The Top End has the best yields in the country, but falling prices make it an investor’s nightmare

As residential projects wrap up construction, more and more stock is being poured into Darwin, exacerbating the already fragile property market.

“Darwin faces an oversupplied situation currently as a result, with more properties being delivered to the market than are being sought,” says Kate Forbes, national director of property strategy at Metropole Property Strategists. Demand has been heavily stunted for years as the NT has not been able to recover economically, ever since the mining sector went under.

“Poor growth and employment prospects have meant that Darwin hasn’t benefited from either internal or international migration,” Forbes says.

“This lacklustre population growth – zero, in fact – is unlikely to change soon.” Though property values are continuing to nosedive, landlords have seen rental yields skyrocketing. Darwin has the highest returns in Australia, with the average for houses being 5.6% and for units 6.3%. However, this is more the result of prices dropping faster than it is of rents increasing.

“This will cap any chances of meaningful growth for the short term,” says Forbes.

Land tax talks

The overall downturn has placed such a strain on the Top End’s funds that the possibility of implementing a land tax is in consideration, something Propertyology managing director Simon Pressley believes is a risky move.

“The Northern Territory is the only jurisdiction in Australia without a land tax, and it seems strange that one would consider taking away such a strategic advantage – that is, the incentive to invest,” he says.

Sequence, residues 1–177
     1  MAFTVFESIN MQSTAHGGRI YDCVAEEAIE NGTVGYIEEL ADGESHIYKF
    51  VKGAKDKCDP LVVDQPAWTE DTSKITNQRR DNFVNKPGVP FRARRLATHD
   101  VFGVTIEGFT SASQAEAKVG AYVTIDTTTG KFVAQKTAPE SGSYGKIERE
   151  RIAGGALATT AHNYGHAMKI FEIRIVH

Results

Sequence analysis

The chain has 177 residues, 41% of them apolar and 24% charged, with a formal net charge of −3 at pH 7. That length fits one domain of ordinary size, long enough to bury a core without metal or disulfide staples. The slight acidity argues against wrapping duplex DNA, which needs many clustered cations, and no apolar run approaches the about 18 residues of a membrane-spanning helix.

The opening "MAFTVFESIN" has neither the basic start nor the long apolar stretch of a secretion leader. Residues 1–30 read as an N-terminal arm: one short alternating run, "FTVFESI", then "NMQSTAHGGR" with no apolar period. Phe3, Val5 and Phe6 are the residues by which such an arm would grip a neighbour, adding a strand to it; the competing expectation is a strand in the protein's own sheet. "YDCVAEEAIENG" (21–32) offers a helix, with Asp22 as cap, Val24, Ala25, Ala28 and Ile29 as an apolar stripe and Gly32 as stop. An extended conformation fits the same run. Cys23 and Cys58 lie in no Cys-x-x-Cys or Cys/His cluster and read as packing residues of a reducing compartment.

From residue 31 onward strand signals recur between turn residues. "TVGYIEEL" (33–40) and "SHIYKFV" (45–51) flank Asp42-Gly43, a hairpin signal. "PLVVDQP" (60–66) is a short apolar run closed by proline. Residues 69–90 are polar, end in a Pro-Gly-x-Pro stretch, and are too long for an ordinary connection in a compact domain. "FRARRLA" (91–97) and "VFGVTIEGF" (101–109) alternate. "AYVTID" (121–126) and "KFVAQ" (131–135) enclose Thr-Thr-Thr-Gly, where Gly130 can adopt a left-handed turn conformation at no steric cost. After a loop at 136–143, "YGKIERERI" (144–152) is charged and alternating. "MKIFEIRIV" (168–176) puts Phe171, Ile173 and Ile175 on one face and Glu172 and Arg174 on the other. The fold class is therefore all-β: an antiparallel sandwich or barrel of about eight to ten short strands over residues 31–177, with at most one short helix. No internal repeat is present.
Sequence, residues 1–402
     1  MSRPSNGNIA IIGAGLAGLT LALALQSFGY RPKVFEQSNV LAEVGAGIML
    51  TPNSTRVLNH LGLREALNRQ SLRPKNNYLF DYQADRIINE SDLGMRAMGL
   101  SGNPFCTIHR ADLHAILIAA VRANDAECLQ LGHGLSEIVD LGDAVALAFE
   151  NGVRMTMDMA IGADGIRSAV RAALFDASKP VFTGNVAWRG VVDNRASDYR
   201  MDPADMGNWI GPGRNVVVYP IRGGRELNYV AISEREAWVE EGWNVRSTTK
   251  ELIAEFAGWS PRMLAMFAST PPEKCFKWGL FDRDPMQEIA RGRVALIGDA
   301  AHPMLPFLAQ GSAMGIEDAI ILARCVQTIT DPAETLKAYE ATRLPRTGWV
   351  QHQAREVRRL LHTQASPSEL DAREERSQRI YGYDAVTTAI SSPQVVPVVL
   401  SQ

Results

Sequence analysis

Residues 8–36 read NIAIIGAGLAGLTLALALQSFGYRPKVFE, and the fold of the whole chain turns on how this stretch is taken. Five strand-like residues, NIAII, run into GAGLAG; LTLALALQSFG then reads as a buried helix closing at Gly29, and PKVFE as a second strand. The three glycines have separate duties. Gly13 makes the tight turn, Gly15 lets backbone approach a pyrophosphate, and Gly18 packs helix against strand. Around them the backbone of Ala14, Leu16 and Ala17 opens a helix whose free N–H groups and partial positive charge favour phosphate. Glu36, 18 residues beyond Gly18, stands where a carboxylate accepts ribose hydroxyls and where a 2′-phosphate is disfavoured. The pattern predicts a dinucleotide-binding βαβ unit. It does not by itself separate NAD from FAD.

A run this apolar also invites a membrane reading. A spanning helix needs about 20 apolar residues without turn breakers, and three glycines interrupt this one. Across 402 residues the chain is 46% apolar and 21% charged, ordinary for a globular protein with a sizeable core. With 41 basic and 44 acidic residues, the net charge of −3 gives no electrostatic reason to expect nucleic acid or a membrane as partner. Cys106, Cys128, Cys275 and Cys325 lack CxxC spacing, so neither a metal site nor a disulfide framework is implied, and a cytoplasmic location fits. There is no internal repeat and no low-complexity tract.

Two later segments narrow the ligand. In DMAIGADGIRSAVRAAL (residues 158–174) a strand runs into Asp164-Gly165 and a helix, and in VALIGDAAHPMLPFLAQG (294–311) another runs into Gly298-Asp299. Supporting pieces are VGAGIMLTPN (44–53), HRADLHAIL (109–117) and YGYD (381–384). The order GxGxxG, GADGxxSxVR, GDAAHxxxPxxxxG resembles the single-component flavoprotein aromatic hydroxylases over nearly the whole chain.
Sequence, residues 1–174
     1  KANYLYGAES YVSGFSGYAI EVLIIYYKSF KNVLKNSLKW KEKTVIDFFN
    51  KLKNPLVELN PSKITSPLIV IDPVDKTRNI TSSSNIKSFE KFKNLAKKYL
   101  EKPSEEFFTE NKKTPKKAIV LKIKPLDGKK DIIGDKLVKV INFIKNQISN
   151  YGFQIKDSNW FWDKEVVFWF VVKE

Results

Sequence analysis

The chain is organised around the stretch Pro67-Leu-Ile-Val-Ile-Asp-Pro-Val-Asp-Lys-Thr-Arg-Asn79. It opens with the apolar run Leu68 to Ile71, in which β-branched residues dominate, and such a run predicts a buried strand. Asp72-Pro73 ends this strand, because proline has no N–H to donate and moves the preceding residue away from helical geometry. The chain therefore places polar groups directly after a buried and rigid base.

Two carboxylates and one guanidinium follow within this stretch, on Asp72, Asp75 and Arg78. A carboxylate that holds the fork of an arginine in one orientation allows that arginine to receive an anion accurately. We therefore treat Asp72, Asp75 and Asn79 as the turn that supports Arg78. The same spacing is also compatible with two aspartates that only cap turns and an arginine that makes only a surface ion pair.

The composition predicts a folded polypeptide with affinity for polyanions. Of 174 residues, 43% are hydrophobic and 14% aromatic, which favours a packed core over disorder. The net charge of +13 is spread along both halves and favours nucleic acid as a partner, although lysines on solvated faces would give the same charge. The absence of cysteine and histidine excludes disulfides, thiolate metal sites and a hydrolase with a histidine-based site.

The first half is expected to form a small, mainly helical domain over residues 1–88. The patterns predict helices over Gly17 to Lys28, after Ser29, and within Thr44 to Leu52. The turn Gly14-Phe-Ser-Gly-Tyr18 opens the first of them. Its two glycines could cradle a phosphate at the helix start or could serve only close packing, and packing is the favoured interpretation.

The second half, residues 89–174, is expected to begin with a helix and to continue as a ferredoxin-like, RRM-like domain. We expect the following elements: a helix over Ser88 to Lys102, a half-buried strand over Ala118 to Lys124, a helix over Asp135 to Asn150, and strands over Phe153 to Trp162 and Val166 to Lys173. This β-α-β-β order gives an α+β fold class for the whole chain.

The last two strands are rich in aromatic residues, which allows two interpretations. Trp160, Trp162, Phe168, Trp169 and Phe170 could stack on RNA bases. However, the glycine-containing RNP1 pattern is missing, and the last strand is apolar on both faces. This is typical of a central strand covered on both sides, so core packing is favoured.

Pressley instead highlights the initiatives of the township of Katherine to improve its appeal through infrastructure upgrades.

“Katherine plays an important role in Australia’s national security and is home to the Tindal RAAF base. A $500m upgrade of the facility, including a new control tower, has recently commenced,” Pressley reports.

“The construction workforce would peak at around 250 people in 2019 and hold at that level for several years.”

This project could help bring residents into what is regarded as the second-largest township in the NT, even if the population is just transient. This could, at a minimum, boost Katherine’s rental market, which is also reasonably stable.

“Katherine’s median house price has remained flat for four years. A typical house today costs circa $350,000,” Pressley says.


LEANYER: Units are hanging on

Initially established as a military base during the Second World War, Leanyer has since become an amenities-filled suburb that caters well for families.

There are a number of schools in Leanyer, including Leanyer Primary and the Good Shepherd Lutheran College. The Casuarina Coastal Reserve is nearby, as well as a beach. There is no shortage of parks, including Holmes Jungle Nature Park, Leanyer Swamp and Leanyer Recreation Park. Shoppers flock to nearby Hibiscus Shoppingtown.

Over the year to April 2018, units managed to keep price drops to just 3.9%, as compared to the 8.2% fall in house values. Average yields earned on unit rentals (5.3%) were also higher than yields on houses (4.9%).

Yield: Units have a high average yield of 5.3%, while houses offer returns of 4.9%

Amenities: The Casuarina Coastal Reserve is close by, along with parks and a shopping centre